Coming together as a field to transform companies, and the US economy

I recently visited a 50+ employee company based in the Bay Area. We were in a typical conference room with a projector, glass walls, well-appointed plants, and absurdly comfortable chairs. Around the table were nine of the company’s leaders—the founder, three other members of the C-suite, and five supervisors in upper management. As they began introducing themselves, I noticed something. There was an odd feeling in the air.

One member of the C-suite fumbled over his title and rolled his eyes at himself. Another kept making little jokes that everyone half laughed at. They were acting as if they were in the awkward early minutes of a long-anticipated first date. It was a room chocked full of giddy executives. From what I could tell, there was nothing about me personally that created this anticipation. They were not intimidated or even particularly impressed by me. So I went on with my spiel, looking for cues on how to build a rapport and speak to their concerns.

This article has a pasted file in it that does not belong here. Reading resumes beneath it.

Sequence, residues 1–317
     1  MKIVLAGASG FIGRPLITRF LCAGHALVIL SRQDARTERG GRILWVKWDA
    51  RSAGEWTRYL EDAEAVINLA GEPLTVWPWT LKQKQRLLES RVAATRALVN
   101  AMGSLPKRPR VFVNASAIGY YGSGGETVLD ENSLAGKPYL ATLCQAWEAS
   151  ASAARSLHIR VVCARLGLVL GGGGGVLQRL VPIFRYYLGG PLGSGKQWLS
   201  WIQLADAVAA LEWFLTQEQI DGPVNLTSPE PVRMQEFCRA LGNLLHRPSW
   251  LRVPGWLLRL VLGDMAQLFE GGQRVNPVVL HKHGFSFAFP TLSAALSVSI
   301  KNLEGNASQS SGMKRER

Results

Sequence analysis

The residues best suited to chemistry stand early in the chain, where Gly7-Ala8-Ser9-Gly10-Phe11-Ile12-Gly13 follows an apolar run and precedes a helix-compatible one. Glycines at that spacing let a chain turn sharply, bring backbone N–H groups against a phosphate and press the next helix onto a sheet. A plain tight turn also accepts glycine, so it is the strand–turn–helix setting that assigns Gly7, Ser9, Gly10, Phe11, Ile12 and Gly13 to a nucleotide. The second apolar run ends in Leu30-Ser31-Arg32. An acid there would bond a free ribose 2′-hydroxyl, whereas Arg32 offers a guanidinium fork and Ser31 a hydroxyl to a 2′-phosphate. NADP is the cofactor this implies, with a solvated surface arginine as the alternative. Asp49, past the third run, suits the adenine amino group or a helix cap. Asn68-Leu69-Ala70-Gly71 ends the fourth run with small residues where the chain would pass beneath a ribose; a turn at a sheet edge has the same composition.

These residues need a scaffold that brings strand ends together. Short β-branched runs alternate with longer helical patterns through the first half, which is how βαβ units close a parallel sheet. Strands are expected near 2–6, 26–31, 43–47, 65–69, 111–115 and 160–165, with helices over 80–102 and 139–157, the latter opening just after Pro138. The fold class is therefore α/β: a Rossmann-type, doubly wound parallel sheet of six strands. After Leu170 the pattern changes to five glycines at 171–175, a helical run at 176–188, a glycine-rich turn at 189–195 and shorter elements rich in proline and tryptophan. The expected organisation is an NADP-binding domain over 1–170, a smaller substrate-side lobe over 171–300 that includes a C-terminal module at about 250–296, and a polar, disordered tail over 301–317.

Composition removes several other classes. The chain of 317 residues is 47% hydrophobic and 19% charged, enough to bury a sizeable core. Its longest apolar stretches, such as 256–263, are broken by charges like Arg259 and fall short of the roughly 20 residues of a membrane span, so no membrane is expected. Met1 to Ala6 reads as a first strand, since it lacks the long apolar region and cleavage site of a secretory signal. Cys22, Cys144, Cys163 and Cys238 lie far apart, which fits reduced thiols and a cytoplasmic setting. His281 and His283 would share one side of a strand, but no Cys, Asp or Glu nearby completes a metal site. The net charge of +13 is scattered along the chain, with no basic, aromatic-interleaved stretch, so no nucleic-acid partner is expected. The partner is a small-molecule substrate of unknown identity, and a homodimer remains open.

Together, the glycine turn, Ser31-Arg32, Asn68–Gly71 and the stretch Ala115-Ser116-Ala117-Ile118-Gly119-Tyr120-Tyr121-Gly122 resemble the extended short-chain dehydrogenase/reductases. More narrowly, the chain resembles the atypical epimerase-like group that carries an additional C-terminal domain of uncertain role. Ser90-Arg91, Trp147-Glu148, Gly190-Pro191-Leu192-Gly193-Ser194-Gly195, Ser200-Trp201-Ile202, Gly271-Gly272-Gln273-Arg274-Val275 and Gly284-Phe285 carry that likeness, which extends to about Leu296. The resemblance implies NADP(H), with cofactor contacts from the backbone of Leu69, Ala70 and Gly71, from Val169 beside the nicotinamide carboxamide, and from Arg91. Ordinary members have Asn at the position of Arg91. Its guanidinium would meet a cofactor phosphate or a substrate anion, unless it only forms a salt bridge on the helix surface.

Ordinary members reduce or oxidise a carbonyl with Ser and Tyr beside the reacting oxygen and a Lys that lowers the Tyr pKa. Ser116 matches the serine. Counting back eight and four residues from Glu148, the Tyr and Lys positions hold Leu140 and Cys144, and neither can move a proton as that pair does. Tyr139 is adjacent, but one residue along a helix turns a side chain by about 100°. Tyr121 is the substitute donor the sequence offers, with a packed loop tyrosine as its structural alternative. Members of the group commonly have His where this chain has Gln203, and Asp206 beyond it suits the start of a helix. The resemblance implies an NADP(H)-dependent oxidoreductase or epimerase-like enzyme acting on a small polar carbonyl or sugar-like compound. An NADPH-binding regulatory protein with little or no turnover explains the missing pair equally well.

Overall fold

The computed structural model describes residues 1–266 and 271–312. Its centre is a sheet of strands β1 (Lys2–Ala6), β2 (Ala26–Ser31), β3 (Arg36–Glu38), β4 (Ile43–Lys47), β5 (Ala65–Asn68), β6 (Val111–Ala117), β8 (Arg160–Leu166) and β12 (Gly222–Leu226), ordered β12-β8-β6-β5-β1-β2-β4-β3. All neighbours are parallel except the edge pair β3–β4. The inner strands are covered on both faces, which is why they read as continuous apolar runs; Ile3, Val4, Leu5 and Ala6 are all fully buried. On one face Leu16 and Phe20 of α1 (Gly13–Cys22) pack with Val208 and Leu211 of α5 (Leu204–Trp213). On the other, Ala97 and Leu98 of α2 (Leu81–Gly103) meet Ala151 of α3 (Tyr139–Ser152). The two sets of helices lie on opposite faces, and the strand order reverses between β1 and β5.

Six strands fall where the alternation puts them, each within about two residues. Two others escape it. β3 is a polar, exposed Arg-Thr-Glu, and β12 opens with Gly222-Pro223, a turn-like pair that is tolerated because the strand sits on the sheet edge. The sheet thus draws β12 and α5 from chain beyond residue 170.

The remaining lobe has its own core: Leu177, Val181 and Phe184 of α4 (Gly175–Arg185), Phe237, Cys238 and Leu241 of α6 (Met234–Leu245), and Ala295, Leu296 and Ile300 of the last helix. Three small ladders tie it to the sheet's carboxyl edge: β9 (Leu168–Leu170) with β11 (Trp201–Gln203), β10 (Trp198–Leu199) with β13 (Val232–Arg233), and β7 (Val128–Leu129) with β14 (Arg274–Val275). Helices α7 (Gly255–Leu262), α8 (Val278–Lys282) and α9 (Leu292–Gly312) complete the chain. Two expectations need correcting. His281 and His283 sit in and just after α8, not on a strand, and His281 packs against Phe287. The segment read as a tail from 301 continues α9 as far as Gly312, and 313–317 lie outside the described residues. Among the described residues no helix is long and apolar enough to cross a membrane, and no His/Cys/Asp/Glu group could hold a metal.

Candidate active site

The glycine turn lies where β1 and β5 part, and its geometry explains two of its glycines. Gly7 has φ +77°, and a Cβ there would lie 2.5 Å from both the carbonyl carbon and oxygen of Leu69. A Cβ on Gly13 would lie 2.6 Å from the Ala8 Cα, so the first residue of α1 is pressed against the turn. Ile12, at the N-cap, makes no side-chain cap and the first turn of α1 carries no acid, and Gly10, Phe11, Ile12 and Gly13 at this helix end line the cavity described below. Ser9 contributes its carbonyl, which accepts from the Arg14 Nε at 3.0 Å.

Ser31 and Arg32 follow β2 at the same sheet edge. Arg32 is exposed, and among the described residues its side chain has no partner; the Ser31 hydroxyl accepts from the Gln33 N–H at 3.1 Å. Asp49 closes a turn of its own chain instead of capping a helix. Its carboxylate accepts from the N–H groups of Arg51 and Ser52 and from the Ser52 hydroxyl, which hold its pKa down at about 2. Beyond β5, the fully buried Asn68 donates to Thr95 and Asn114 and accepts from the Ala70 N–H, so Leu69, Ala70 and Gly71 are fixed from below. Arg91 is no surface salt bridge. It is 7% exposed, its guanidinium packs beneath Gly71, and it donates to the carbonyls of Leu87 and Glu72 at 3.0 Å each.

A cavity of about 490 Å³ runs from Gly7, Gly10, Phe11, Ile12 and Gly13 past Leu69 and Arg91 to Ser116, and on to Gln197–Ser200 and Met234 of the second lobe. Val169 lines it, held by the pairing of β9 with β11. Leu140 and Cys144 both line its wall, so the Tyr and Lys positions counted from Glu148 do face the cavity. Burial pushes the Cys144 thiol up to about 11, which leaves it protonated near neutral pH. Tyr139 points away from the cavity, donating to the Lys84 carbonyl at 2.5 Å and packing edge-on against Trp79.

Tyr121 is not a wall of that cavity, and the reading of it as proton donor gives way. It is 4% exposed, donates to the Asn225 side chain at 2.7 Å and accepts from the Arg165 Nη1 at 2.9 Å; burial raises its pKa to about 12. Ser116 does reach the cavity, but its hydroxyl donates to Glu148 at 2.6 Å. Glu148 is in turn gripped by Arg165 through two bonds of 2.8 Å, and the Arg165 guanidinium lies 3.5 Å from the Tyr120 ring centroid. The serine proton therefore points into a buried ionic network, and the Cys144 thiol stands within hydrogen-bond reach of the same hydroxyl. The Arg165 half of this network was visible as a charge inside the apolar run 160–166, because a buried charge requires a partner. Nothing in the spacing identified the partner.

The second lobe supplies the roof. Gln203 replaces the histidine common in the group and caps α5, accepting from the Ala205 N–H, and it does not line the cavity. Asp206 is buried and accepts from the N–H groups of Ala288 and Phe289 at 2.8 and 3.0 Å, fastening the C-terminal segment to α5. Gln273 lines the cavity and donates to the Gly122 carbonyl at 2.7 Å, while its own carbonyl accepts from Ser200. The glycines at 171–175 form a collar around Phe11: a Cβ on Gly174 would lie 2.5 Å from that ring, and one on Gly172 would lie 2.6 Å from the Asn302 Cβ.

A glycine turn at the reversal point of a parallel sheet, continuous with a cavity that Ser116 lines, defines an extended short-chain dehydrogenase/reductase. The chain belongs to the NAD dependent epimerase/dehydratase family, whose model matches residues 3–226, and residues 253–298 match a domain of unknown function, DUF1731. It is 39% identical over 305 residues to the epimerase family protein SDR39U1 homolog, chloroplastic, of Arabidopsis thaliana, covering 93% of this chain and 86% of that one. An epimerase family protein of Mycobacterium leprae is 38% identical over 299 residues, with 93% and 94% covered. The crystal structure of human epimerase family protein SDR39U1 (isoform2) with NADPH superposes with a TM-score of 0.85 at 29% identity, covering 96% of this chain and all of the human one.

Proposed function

As we got to the end of the Q&A session, the CFO asked, “So this is a real option for us, then, right?” In the silent pause that followed, all eyes fell intently on me. Here was the cause of their anxiety. Today, at this meeting, they were flirting with something big—the possibility of becoming worker-owned.

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